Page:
Another best practice is to remember that Power Pivot is not Excel. In Excel, we are accustomed to creating calculations by constantly expanding our worksheets to the right. Power Pivot for Excel most efficiently processes the data if we limit this desire for manifest destiny. Instead of continuously creating calculated columns to the right of your data, learn to write measures in the bottom pane. This habit will ensure smaller file sizes and quicker computations.
Finally, I would suggest using plain-English names for measures. This one took me a long time to adopt. I spent the first few years making up names like
SumExpPctTotal, but once other people began to use the same workbooks, I had a lot of explaining to do. Now, when I start a new workbook, I use measure names like
Expense Line Item as Percent of Total Expenses. While the name is longer, it is much easier for someone else to use.
Real-World Use Cases
In this article I have presented only a handful of the ways in which Power Pivot for Excel allows you to take an important step beyond plain-vanilla Excel. I thought it would be useful to highlight some real-world use cases in which I’ve found Power Pivot for Excel is extremely useful.
Here are some:
- Analyze performance of a large portfolio of assets over varying time ranges: Since Power Pivot for Excel allows us to define measures that compare a time-period with a previous one, we can quickly have quarter-over-quarter, year-over-year, and month-over-month performance all on a rolling basis by writing only a few measures.
- Summarize accounting data using customized aggregation levels: By identifying each general-ledger line item by name, category, and financial statement, reports can quickly be created that include the appropriate line items.
- Chains can identify same-store sales: Using a table that maps when stores come online, financial results can be compared on a same-store basis.
- Pinpoint over- and under-performers in sales: PivotTables can be created that highlight the top five SKUs and bottom five SKUs by sales, gross margins, production timeframes, etc.
- Retailers can define calendar tables that use a 4-4-5 configuration: Using a custom date table, a retailer can assign each day to a specific 4-4-5 month easily, then daily sales results can be rolled into the corresponding month.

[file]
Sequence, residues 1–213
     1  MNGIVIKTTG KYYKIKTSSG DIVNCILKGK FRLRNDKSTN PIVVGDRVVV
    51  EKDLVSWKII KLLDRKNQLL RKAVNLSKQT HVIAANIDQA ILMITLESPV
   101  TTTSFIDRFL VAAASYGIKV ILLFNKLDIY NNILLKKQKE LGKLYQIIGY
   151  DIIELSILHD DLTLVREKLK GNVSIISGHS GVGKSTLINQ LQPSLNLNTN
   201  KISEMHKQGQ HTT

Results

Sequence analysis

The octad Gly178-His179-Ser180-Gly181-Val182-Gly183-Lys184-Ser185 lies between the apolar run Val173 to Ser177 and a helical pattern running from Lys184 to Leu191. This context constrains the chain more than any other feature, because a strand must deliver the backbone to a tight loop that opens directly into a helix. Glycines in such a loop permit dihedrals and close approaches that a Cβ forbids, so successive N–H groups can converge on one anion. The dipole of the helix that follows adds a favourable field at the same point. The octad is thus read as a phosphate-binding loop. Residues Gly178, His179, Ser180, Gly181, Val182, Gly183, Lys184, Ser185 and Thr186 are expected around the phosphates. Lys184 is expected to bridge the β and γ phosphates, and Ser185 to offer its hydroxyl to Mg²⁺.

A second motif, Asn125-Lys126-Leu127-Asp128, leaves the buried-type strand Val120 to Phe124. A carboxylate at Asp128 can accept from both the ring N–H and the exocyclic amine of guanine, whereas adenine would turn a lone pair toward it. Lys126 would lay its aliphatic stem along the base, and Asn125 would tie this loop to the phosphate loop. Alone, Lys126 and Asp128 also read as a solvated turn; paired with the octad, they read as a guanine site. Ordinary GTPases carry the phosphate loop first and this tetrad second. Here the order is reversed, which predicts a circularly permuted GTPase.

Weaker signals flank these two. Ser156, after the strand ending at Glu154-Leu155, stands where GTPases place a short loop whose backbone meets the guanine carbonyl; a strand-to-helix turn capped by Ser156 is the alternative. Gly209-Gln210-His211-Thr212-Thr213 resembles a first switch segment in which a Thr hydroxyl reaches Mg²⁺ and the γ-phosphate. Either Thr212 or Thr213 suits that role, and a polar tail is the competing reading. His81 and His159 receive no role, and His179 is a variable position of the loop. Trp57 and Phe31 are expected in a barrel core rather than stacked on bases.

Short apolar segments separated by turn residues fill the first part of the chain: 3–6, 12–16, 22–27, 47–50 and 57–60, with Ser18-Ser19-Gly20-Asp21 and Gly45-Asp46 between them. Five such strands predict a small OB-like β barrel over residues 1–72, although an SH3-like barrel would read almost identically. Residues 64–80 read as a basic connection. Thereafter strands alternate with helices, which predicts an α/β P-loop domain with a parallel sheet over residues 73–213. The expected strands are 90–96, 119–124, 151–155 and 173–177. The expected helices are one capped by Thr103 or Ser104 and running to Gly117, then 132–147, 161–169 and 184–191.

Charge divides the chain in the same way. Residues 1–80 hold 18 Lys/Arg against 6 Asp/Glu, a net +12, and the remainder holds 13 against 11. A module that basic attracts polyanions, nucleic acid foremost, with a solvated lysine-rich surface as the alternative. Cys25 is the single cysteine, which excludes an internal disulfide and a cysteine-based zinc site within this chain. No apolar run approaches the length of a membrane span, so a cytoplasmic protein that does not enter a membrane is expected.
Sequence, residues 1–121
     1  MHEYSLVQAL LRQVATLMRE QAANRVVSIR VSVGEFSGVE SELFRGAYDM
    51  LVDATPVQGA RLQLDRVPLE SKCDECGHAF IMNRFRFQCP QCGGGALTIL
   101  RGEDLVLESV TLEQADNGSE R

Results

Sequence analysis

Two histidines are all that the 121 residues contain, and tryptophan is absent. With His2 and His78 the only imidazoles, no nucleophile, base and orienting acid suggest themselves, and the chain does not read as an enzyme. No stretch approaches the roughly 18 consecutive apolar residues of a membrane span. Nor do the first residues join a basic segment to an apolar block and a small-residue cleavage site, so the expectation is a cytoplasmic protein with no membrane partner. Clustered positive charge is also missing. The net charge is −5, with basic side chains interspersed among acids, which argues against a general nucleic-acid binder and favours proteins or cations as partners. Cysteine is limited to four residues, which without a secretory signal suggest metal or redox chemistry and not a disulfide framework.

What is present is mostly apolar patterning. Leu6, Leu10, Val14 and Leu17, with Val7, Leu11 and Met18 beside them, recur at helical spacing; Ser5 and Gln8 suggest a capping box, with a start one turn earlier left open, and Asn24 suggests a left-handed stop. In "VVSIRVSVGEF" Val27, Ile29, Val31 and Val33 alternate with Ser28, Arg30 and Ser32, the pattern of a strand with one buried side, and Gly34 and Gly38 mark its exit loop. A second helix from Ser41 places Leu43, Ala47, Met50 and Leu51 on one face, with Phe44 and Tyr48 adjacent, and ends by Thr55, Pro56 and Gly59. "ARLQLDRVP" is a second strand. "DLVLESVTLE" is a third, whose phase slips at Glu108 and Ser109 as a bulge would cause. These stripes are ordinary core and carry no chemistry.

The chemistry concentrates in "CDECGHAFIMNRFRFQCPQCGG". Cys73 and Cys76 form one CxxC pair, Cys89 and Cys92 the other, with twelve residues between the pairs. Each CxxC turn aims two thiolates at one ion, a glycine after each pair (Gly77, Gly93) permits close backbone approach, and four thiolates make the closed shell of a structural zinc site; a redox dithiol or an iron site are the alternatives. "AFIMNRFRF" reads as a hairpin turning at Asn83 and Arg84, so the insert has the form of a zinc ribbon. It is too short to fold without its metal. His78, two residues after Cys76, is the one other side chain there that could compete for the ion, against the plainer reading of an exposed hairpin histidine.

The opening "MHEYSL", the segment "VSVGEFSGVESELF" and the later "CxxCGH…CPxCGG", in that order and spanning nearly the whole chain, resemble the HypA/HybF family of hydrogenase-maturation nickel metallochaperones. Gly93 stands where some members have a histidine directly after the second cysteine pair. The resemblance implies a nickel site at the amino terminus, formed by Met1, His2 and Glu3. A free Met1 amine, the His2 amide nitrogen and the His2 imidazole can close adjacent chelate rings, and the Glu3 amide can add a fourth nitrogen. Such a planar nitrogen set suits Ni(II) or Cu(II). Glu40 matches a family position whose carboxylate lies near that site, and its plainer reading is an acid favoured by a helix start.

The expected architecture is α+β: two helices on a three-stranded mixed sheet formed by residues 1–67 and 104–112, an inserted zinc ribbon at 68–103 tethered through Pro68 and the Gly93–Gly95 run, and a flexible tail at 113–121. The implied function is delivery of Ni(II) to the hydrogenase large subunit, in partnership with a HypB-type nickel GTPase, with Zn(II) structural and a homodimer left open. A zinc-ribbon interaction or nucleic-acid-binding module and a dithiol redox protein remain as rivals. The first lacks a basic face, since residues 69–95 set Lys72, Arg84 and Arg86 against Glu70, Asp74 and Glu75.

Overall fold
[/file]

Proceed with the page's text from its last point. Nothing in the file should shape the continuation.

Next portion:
From Clunky Spreadsheets to Modern Workbooks
As financial analysts, we are required to perform complex calculations on ever-expanding datasets. Since Excel is already the default analytical tool, the Power Pivot learning curve is easy, and many of the functions mirror Excel’s native functions.
With the use of CUBE functions, Power Pivot for Excel seamlessly blends into your existing Excel workbooks. The computational efficiency gain cannot be overlooked. Assuming a 20% faster processing speed, which is conservative, the financial analyst that spends six hours a day within Excel can save 300 hours a year!
Additionally, we can now analyze datasets that are much larger than we could previously with our traditional Excel. With models designed efficiently, we can easily have 10x the amount of data that we previously were allowed in traditional Excel, while maintaining quick analytical agility. With the ability to convert the models from Power Pivot to SSAS Tabular, the amount of data that can be processed is 100–1,000 times what we can achieve in Excel.
Power Pivot for Excel’s ability to perform lightning-fast calculations on large amounts of data and still retain the ability to dive into the details can transform financial analysis from clunky spreadsheets to modern workbooks.
If you’re interested in trying Power Pivot for Excel out, below are some useful materials to get you started.
Useful References and Guides
Collie, R., & Singh, A. (2016). Power Pivot and Power BI: The Excel user’s guide to DAX, Power Query, Power BI & Power Pivot in Excel 2010-2016. United States: Holy Macro! Books.
Ferrari, A., & Russo, M. (2015). The definitive guide to DAX: Business intelligence with Microsoft Excel, SQL Server Analysis Services, and Power BI. United States: Microsoft Press, USA.
This article originally appeared on Toptal.